Thursday, 18 May 2017

Code review 6: Code Review Flow

In this post I outline the optimal flow for good code reviews. It is important to strictly follow the process to prevent dysfunctional code reviews from taking place and to improve the experience and speed of code reviews for the entire team.

This article does not cover when code reviews should be called in your over all development process. However it applies to any development process that included a code review.

A code review always starts with an artefact that is “Ready for Review”. This could be a feature or part of a feature. It will likely include some code updates, some tests (hopefully all automated) and some documentation for end users and/or developers. “Ready for Review” means that the artefact is reasonably complete i.e. there is enough completed to do something useful and in the case of code, it executes. It is the author’s call as to when they are ready for review.

The author should look for and appoint two reviewers. You can choose to appoint more reviewers, but two should be sufficient. At least one reviewer should be an experienced developer. You may also be required to appoint a “guardian”.

The reviewers must commit to concluding the review as quickly as possible because we value completed work of the author that is closer to delivery to master, over features that are in progress in the reviewer’s backlog today. Hence the review is always treated as the highest priority task.

The reviewers must read and understand the original “Problem Statement”. What is it that the author is trying to achieve?

All supporting material should also be read and understood. The author may have completed some sort of technical report, design specification, whiteboard diagram of the solution etc. These artefacts should be all used to gain an understanding of the proposed solution. However, absence of these is not a deal-breaker for the review if the solution is the correct one.

Next the reviewers should review the tests that are written for the code update. Tests should be well described and their terminology should match the problem domain. Do the tests follow a Given-when-then format? Are the tests correctly coupled? Are they manual or automated? There should be some working tests available prior to reviewing the code.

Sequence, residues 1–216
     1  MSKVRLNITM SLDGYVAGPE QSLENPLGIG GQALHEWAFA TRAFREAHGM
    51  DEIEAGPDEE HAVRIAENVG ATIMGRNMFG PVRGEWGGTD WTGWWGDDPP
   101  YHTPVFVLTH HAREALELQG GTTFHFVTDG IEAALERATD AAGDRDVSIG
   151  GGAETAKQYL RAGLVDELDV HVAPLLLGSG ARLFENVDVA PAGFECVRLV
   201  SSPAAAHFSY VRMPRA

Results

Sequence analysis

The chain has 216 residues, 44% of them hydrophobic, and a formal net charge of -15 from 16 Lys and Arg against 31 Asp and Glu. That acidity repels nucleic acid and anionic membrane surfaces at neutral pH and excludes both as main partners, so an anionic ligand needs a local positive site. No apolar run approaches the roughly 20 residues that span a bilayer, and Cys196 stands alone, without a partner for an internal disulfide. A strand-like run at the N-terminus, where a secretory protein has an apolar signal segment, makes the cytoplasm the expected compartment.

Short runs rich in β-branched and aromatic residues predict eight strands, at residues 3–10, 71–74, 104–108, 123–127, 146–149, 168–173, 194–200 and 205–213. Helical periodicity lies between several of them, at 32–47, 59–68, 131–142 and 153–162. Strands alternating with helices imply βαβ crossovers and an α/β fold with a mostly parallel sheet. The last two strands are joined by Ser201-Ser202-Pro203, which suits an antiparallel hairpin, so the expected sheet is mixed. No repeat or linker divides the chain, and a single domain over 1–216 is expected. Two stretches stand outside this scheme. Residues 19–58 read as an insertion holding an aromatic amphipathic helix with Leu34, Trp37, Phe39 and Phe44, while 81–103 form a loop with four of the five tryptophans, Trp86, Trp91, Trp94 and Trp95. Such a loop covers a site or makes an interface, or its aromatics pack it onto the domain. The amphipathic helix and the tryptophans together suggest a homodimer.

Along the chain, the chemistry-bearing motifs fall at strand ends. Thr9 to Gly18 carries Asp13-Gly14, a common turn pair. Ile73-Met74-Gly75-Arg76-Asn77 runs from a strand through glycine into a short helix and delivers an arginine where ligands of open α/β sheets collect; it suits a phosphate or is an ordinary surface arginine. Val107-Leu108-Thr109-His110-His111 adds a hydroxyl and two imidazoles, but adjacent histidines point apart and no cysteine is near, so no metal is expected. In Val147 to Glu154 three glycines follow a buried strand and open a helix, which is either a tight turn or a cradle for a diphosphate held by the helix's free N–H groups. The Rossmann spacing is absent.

The author will already have looked at the static analysis tooling and should have removed all the trivial violations as part of getting ready for the review. The reviewers should review any static analysis tooling output. Are there any new failures since the last build? Are there possible hotspots in the proposed solution? Any violations that are entirely reasonable to leave in the code?

Now that we have a good understanding of the problem, the overall solution proposed and all the automated static analysis has been done, the reviewers should review the code. All feedback should be ranked as major or minor and logged independently of each reviewer at this stage. Genuine and honest comments should be recorded with consideration for the feelings of the author.

Next the Authors and reviewers should come together, supported by tooling, and discuss the feedback that the reviewers have for the Author. For each piece of feedback a decision must be agreed as to whether re-work is required or not. In the exceptional cases where consensus cannot be reached, another senior developer should be brought in to arbitrate. It is reasonable to assume that their decision would be final.

The outcome of the review is a three way decision and it is the reviewers’ call. The code and supporting artefacts can be accepted and merged to master. Alternatively re-work is required. The fact that this option could have serious implications for the project awaiting the output, means that this option needs to be handled professionally and with courage by the Author, the reviewers and the team’s leader. At all times we must be aware of our deadlines and take actions that are pragmatic given the time allowed and the implications for the user or customer.

Should minor re-work be required, the author should complete this as soon as possible. A quick glance over the re-work maybe required by the original reviewers to ensure the work is satisfactorily completed, however this is optional and should have been clearly stated by the reviewers at the decision stage.

If substantial re-work is required, the story or task should be brought back to the beginning and any shortcomings addressed using the hands-on help of more senior developers or a mentor. It is preferable to assemble the same reviewers when the code is ready for review again as these reviewers already have an awareness of the problem being addressed. Otherwise it should be considered a brand new code review.

In summary, this article outlines a simple, but clearly defined flow or set of steps for performing excellent code reviews. Following it strictly will ensure consistent and high quality code reviews in your team, resulting in a better product coming out of your team.


Thanks to contributions from Shane McCarron on this article

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